Middle AgesDublin was established as a Viking settlement in the 9th century and, despite a number a rebellions by the native Irish, it remained largely under Viking control until the Norman invasion of Ireland was launched from Wales in 1169. The King of Leinster, Diarmait Mac Murchada, enlisted the help of Strongbow, the Earl of Pembroke, to conquer Dublin. Following Mac Murrough’s death, Strongbow declared himself King of Leinster after gaining control of the city. In response to Strongbow's successful invasion, King Henry II of England reaffirmed his sovereignty by mounting a larger invasion in 1171 and pronouncing himself Lord of Ireland.
Dublin Castle, which became the centre of English power in Ireland, was founded in 1204 as a major defensive work on the orders of King John of England. Following the appointment of the first Lord Mayor of Dublin in 1229, the city expanded and had a population of 8,000 by the end of the 13th century. Dublin prospered as a trade centre, despite an attempt by King Robert I of Scotland to capture the city in 1317. It remained a relatively small walled medieval town during the 14th century and was under constant threat from the surrounding native clans. In 1348, the Black Death, a lethal plague which had ravaged Europe, took hold in Dublin and killed thousands over the following decade.
Dublin was incorporated into the English Crown as The Pale, which was a narrow strip of English settlement along the eastern seaboard. The Tudor conquest of Ireland in the 16th century spelt a new era for Dublin, with the city enjoying a renewed prominence as the centre of administrative rule in Ireland. Determined to make Dublin a Protestant city, Queen Elizabeth I of England established Trinity College in 1592 as a solely Protestant university and ordered that the Catholic St. Patrick's and Christ Church cathedrals be converted to Protestant.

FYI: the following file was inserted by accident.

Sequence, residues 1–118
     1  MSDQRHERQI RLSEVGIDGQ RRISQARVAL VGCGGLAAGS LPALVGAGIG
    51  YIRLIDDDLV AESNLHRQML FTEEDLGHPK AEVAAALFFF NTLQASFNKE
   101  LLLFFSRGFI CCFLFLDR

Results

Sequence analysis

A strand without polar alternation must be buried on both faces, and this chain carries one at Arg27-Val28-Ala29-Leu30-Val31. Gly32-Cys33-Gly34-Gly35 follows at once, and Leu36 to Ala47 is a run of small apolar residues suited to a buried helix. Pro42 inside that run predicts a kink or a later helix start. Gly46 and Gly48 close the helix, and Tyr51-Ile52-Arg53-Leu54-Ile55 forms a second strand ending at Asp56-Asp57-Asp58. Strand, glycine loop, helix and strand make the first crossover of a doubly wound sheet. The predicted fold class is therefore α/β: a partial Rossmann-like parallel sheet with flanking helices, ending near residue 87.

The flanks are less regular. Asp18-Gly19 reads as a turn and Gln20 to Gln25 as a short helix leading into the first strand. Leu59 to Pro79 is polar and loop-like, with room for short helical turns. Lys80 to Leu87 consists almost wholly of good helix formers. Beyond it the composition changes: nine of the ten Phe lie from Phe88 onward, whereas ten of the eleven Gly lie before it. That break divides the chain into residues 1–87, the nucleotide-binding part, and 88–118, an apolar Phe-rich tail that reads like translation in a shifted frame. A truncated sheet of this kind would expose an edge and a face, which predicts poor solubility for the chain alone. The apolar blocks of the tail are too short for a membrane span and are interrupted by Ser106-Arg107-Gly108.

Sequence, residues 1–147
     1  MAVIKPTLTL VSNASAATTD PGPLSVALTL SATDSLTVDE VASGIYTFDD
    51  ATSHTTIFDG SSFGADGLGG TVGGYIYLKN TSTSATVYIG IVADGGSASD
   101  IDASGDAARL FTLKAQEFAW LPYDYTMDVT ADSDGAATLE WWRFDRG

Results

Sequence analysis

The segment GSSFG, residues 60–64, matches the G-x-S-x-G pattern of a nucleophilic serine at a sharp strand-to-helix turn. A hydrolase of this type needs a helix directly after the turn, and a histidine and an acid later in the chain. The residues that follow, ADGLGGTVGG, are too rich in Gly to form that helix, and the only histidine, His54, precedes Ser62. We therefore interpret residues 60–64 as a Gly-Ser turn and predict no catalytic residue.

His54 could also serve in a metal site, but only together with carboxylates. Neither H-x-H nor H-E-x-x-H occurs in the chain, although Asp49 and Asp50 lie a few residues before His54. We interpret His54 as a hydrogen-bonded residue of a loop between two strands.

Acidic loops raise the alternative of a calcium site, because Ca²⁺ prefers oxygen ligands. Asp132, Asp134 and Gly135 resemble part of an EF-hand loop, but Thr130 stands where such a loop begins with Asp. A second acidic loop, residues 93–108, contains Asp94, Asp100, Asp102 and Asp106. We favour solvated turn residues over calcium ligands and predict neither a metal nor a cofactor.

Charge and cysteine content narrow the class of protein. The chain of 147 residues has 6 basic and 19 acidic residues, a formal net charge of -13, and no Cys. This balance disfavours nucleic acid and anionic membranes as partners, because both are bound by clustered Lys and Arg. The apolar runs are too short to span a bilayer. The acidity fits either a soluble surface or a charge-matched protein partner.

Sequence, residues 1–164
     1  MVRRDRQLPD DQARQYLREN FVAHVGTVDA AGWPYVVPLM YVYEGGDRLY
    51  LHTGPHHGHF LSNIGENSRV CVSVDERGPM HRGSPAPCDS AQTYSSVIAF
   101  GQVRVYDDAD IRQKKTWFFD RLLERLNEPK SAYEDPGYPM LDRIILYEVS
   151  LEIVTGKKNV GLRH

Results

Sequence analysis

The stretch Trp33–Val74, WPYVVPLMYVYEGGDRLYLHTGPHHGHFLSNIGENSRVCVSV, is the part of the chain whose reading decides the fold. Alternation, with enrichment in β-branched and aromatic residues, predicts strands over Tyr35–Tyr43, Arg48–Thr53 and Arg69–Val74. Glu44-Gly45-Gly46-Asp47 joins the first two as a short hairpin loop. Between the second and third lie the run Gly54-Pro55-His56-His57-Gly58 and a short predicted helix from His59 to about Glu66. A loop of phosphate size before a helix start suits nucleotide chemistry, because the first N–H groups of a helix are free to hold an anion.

The city had a population of 21,000 in 1640 before a plague in 1649–51 wiped out almost half of the city's inhabitants. However, the city prospered again soon after as a result of the wool and linen trade with England, reaching a population of over 50,000 in 1700.
Early modernAs the city continued to prosper during the 17th century, Georgian Dublin became, for a short period, the second largest city of the British Empire and the fifth largest city in Europe, with the population exceeding 130,000. The vast majority of Dublin's most notable architecture dates from this period, such as the Four Courts and the Custom House. Temple Bar and Grafton Street are two of the few remaining areas that were not affected by the wave of Georgian reconstruction and maintained their medieval character.
Dublin grew even more dramatically during the 18th century, with the construction of many famous districts and buildings, such as Merrion Square, Parliament House and the Royal Exchange. The Wide Streets Commission was established in 1757 at the request of Dublin Corporation to govern architectural standards on the layout of streets, bridges and buildings. In 1759, the founding of the Guinness brewery resulted in a considerable economic gain for the city. For much of the time since its foundation, the brewery was Dublin's largest employer, but Catholics were confined to the lower echelons of employment at Guinness and only entered management level in the 1960s.